I’ve been mulling over the gay zulu wedding fiasco over the past few weeks. I was excited to see it, but something left me unsettled. Here are my thoughts, inspired by a TEDTalk by one of my favorite writers, Chimamanda Adichie, “The Danger of a Single Story.”
In light of the struggles of LGBTI Africans, the desire to celebrate any kind of progress – especially when it comes in the form of a gleeful Zulu wedding – is understandable; the vibrant ceremony presented a sharp contrast to the media’s grim and, at times, gruesome depiction of violent homophobia on the African continent. However, it is dangerous to assign wide-sweeping gains to all LGBTI Africansbased on the perceived victory of a few.
What of gay Africans who view marriage as the least of their problems – young people, for instance, who have been disowned by their families and, above all, seek a stable alternative to homelessness? What about transgender women who experience rejection (and violence) from both gay and straight communities alike? And lesbians–forced to live in fear of so-called “corrective rape”–will marriage mean social acceptance for them, too?
If we’ve learned anything from criticism of the same sex marriage equality movement in the U.S., it’s that too much emphasis on marriage as a pathway to acceptance could only end up benefiting a small segment of the LGBTI community (e.g. gay men, or members of the middle class–while the groups most at-risk e.g. women, youth, transgender people, etc.–are likely to go unheard, and even unfunded.”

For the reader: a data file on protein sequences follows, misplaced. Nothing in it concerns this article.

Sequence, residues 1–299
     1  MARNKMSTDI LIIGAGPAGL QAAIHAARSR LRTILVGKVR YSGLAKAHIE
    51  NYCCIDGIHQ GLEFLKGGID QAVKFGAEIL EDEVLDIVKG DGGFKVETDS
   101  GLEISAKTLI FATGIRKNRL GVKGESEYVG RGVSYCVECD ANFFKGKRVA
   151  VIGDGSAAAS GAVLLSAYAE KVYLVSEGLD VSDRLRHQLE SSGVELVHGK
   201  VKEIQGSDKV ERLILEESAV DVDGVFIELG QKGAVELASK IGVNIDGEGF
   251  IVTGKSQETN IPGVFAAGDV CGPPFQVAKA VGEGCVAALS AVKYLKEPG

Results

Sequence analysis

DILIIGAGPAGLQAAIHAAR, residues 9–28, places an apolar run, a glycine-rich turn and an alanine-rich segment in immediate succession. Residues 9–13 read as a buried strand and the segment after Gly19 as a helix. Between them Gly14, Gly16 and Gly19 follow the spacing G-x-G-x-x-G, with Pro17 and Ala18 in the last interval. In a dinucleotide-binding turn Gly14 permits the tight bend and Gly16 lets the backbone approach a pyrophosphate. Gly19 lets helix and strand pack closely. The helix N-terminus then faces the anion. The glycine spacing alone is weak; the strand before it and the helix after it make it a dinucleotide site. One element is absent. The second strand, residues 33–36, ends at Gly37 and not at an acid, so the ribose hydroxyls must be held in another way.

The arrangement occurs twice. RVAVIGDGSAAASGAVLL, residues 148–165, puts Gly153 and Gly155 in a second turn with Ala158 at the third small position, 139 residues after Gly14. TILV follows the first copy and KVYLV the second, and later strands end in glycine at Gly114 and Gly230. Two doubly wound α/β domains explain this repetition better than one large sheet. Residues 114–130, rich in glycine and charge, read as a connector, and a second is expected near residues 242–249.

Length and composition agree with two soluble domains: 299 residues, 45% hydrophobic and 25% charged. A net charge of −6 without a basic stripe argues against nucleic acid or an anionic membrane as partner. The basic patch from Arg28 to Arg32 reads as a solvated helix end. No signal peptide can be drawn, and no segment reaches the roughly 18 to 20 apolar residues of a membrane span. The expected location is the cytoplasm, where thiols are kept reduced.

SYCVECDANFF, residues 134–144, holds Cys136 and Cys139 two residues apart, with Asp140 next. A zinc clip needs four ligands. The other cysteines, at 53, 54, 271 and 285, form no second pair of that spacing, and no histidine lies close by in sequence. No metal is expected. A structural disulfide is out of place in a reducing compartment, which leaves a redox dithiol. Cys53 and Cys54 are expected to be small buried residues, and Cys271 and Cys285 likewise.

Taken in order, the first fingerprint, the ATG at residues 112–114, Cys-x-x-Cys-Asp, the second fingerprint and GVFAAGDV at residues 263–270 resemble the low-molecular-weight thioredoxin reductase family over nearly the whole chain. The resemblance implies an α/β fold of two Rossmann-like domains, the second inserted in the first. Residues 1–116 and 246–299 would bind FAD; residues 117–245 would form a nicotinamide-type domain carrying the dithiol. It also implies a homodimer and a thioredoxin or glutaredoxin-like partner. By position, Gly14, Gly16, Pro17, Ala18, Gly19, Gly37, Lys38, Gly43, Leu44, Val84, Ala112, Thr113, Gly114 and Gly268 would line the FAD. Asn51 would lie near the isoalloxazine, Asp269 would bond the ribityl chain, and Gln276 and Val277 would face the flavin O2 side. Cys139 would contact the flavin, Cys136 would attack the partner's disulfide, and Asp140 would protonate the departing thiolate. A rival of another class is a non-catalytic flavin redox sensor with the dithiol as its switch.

QWOC Media Wire is a media advocacy organization and online platform that amplifies the voices and thought leadership of sexual minorities around the world.
We are happy to announce that we’re seeking THREE new editors to join our team! Non-US candidates are strongly encouraged to apply. Applications now open via our online submission system.
The ideal editor will be a seasoned writer, blogger, or publisher of online content. The ideal editor will identify as part of the queer and trans community of color (even if using a pseudoynm/alias), or as a racial/ethnic minority. (Note: As our site is dedicated to the voices and thought leadership of queer women, gender non-conforming and trans people of color, we give preference to editors who identify as such.)
Who We Are
Currently, we are: latina, African, mixed-race, femme, masculine of center, gender neutral, east coaster, west coasters, trans-nationals, professionals, scholars, activists. There’s still a lot that can be added to that.
Who We’re Looking For
We are actively searching for editors who don’t look like us—who share enough of our experiences as qpoc with multi-identities, but contributes a new lens to our collective vision. We aren’t looking for people to be marginally involved to deflect criticism; we are seeking people to be fully vested editorial partners, who are willing to volunteer time and energy alongside us to 1) recruit writers, 2) edit submissions, 3) moderate comments, 4) manage the space, and 5) grow QWOC Media Wire from a startup to a sustainable social enterprise.